Review: A History of Loneliness

A History of Loneliness
A History of Loneliness by John Boyne
My rating: 5 of 5 stars

This book was deeply affecting. I had seen John Boyne at the Auckland Writers and Readers Festival reduce the entire theatre to messy snuffly tears and had known in my soul that I was going to love it, but I was unprepared for the emotional reaction I had to actually reading it. The story of this lonely priest, the way that he is treated, the way that the senior people in the church behave and the outrageous way that they seem to live in denial of patent truth is so disturbing. I know that we all know that the Catholic church has behaved abominably, but this book is about the covering up of awfulness and the fact that they really believed that they were above the law and that it was a perfectly fine thing to go on abusing children as a matter of right. If you have seen Spotlight then you know what is going on, the moving of priests around parishes all the time so that they continued to put young people in danger and the complete absence of guilt that the church seems to have felt at their ongoing cover-ups. It is all just so horrific. It is also horrific that priests were basically forced into the priesthood as an expectation, forced to remain there even when they knew they shouldn’t be there and no help ever given to them so that they can be treated or rehabilitated. They’d have had better care in jail probably!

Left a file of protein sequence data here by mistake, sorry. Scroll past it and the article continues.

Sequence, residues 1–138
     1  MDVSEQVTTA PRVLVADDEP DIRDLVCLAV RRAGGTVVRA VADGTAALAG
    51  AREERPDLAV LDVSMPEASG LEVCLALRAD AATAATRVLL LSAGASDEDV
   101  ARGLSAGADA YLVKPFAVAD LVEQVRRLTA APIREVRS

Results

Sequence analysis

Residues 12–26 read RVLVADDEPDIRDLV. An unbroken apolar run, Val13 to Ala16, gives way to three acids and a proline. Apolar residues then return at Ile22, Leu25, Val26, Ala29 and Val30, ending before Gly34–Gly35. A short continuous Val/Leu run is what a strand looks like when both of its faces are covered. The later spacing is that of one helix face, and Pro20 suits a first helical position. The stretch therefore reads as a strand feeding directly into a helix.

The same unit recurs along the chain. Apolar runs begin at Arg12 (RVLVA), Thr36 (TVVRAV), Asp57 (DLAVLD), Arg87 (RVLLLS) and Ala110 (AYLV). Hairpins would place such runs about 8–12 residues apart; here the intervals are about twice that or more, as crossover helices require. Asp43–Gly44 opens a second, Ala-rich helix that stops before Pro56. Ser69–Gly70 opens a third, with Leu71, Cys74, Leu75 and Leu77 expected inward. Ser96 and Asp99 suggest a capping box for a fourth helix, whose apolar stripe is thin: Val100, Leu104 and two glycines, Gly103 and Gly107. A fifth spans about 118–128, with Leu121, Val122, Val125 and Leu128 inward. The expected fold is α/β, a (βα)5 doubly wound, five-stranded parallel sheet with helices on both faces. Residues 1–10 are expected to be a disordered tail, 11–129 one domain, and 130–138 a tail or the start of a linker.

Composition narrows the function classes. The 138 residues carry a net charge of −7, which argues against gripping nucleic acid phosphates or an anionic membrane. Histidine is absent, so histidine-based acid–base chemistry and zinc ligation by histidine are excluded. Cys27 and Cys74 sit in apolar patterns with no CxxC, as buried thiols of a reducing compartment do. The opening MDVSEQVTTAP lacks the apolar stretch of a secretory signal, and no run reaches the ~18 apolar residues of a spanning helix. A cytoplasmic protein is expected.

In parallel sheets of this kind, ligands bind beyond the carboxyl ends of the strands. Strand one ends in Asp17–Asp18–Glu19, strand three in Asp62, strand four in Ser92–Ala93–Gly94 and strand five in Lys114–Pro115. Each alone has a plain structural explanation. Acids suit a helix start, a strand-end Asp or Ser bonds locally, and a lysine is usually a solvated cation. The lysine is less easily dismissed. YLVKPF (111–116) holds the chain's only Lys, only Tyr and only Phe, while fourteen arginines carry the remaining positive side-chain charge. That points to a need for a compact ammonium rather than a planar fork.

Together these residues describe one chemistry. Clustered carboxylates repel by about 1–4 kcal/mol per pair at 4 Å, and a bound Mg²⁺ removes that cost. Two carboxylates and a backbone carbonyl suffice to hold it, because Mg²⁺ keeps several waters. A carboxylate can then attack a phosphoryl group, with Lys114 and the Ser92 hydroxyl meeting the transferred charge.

Anyway, the book is well written, very moving. And I just felt so sorry for this innocent man who failed to see what others knew, and whose whole life story is changed by the knowledge he eventually gains. Highly recommended.

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  1. I am going to get a copy for my Mum. She might get really uncomfortable I think, like one of those things where you see bad stuff happening but you can’t stop watching.

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